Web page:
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John Baily

(b Guildford, Oct 22, 1928; d Belfast, Jan 24, 1990). British anthropologist and ethnomusicologist. Raised in the Anglican environment of Salisbury Cathedral close, his father, the cathedral architect, was closely concerned with the restoration of the Sarum rite and with the Dolmetsch early music revival. Blacking served as a commissioned officer in the Coldstream Guards, with active service in Malaya (...

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Gareth Dylan Smith

(b Yellow Springs, OH, Nov 18, 1959). American drummer. She was raised in Connecticut among a family of eclectic musicians and music-lovers. At the age of eight she decided to become a drummer. She played in school ensembles and a local fife-and-drum corps before studying classical percussion at the University of Hartford and jazz at the Berklee College of Music. From ...

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John H. Baron

(b Bennington, VT, 1826; d New Orleans, Oct 28, 1888). American music publisher. He worked as a music teacher in Huntsville, Alabama (1845–52), and Jackson, Louisiana (1852–5). In 1858 he joined E.D. Patton’s music shop in Vicksburg, Mississippi, which he bought out the following year with his younger brother Henry (...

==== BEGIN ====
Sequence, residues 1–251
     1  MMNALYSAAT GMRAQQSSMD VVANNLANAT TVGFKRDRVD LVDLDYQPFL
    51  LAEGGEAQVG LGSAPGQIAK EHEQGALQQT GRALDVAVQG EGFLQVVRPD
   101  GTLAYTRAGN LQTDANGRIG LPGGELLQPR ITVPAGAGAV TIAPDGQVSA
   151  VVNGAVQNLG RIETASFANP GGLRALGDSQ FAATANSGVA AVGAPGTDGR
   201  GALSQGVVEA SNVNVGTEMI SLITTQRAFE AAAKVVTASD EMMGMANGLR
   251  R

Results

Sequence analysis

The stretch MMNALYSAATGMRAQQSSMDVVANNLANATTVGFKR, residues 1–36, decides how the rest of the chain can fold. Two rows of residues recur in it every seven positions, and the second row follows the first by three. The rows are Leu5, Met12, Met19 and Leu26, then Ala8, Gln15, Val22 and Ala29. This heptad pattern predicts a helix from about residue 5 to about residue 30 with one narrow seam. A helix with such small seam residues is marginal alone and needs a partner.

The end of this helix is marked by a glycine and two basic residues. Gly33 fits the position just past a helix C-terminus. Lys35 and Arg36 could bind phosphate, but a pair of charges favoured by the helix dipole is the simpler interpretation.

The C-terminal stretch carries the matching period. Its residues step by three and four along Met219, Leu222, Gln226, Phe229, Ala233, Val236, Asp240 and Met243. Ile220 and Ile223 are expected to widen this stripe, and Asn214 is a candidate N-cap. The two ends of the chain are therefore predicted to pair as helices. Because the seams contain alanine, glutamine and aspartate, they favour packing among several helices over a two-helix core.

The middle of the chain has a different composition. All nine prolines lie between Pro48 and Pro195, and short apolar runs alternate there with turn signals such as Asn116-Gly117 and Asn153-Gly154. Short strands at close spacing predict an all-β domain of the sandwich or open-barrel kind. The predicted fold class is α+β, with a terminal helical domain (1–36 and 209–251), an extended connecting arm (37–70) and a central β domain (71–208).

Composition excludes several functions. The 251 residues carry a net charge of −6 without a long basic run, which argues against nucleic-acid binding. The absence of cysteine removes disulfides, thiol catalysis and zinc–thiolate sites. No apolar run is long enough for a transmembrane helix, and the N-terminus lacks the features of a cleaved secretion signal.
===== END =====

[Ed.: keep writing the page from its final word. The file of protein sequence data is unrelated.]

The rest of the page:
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Ian D. Bent

(fl c1261). English singer. One of three Englishmen described by the late 13th-century theorist Anonymus 4 as ‘good singers’ of mensural polyphony, who sang with great refinement (‘valde deliciose’). The theorist referred to him as ‘Blakesmit, at the court of the late King Henry [III]’. He was clerk of the king's chapel in ...